Instantaneous water heaters warm water on demand instead of keeping it warm in a tank. You have the choice to choose between a gas tankless water heater or an electric tankless water heater.
Since the tankless water heater doesn’t need to regularly heat the water in the tank, it uses significantly less energy, saving homeowners money in utility costs. It also comes in a much more compact size, opening up more space in the home.
When Were Tankless Water Heaters First Used?
Tankless water heaters first entered the market in 1970, but early models from the late 1920s exist, even though they didn’t work nearly as well as these new models.
In 1990, recirculation systems entered the market, making tankless water heaters even more efficient than before by using your hot water usage patterns to automatically adjust to your needs.
The Solar Water Heater Takes Water Heating to New Heights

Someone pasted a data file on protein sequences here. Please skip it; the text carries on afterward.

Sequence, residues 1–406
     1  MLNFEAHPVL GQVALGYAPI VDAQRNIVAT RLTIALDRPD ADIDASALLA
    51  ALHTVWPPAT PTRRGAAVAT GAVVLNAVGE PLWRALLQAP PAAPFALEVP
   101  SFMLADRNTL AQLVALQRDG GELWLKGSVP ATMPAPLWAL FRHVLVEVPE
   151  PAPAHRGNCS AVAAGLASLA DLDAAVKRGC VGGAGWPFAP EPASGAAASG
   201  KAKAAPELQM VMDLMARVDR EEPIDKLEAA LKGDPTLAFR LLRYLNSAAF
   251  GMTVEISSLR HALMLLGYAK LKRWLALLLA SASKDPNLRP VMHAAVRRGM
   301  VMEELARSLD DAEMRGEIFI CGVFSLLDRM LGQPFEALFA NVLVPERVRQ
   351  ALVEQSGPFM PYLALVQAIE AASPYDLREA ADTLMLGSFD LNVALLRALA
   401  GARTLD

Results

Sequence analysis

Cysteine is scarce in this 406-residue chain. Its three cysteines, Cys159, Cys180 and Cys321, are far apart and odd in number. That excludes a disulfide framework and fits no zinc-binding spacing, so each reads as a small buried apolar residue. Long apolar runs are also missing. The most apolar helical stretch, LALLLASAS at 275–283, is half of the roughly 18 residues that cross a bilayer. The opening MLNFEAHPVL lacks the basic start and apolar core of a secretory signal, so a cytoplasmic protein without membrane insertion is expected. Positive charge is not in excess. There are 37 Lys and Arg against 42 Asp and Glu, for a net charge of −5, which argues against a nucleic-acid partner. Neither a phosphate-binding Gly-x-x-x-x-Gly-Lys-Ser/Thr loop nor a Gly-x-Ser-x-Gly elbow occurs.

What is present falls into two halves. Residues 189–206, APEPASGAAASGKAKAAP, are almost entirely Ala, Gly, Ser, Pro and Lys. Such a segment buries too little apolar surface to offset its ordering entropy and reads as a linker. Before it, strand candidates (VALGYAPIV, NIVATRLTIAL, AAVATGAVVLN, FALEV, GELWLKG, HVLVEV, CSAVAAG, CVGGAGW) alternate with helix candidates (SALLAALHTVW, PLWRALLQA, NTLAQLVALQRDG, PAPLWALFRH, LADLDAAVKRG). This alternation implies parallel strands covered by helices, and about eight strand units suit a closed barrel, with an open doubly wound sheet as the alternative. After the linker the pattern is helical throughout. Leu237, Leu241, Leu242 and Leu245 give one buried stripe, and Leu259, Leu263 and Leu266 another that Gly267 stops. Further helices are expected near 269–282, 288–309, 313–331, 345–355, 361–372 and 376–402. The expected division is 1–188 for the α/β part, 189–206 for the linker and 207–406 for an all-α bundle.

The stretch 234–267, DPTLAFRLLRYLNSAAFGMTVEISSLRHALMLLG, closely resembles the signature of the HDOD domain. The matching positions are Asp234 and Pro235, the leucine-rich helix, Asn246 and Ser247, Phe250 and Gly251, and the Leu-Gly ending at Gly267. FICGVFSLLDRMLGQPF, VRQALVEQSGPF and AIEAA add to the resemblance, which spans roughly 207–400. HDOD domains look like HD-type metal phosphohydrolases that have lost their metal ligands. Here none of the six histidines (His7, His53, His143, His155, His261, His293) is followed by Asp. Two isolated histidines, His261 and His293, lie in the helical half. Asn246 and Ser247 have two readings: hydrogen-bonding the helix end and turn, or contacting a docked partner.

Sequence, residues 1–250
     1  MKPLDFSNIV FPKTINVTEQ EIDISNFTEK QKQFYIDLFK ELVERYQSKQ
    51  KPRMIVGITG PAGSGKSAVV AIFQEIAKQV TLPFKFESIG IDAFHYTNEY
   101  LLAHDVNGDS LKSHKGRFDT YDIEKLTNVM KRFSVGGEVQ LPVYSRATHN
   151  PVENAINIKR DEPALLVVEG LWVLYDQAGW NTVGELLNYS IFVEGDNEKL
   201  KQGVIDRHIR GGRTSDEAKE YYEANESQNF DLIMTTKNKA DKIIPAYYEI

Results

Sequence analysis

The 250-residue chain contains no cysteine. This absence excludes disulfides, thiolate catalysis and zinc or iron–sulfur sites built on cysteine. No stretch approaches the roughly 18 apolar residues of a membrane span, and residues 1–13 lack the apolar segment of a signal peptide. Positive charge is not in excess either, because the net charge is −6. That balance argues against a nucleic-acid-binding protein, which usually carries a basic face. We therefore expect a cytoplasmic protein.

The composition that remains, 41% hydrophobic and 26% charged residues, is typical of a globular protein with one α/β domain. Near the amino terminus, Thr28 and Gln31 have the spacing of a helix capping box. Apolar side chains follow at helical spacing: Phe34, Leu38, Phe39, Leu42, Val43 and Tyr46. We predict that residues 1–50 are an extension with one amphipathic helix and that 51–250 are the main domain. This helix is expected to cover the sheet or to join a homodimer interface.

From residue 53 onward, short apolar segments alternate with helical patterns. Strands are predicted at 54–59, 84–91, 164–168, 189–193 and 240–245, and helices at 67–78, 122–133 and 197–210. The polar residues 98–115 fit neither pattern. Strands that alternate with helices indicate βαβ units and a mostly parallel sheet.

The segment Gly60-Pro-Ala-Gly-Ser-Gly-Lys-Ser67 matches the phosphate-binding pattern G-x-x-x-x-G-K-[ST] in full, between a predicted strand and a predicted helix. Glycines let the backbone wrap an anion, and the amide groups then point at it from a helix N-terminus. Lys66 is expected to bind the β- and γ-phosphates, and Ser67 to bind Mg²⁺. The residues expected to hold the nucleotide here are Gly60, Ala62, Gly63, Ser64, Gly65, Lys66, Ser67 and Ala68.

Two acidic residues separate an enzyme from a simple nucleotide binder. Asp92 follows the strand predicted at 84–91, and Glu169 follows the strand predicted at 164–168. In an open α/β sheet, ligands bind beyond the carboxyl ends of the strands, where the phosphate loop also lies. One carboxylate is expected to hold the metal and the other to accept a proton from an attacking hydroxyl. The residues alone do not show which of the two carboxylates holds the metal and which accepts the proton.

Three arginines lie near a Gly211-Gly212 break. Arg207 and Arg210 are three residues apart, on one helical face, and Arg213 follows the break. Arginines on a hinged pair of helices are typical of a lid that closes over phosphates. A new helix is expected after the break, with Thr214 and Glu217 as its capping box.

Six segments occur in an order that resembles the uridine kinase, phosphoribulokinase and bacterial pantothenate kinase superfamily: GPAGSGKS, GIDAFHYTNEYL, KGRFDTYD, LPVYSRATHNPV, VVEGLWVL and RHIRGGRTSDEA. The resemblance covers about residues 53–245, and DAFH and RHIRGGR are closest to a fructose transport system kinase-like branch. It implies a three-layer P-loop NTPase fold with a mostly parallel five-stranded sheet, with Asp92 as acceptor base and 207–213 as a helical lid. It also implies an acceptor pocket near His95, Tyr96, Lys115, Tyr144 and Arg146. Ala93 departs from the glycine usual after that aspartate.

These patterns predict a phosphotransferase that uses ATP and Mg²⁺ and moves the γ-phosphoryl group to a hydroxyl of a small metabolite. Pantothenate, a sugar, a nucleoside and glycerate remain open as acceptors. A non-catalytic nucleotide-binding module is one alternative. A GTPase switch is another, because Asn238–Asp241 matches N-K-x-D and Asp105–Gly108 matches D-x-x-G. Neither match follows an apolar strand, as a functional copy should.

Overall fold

Solar water heating uses energy from the sun using a solar collector to power your water heater, meaning you pay virtually nothing to power the device (except for the installation).
As the water heating solution of the future, we can expect some improvements in the upcoming years. Installation costs still fall on the high end of the spectrum. However, even with the minor challenges, solar power water heaters currently make a great option for people who want to live an environmentally friendly and self-sufficient lifestyle.
While only less than 1% of homes use a solar energy heating system, we should embrace the change. They will eventually become the norm as we continue to strive for efficient heating methods.
Final Thoughts On Water Heater History
Water heaters only started appearing in homes about 100 years ago thanks to the ingenuity of numerous business-minded engineers who constantly looked for ways to outdo the competition.
Today, we enjoy the benefits of their innovation, and water heaters continue to increase in efficiency and compactness.
Unfortunately, there’s still no invention to stop teenagers from fighting about who gets to use the shower first, but, with the right size water heater, you can rest assured everyone will have heated water.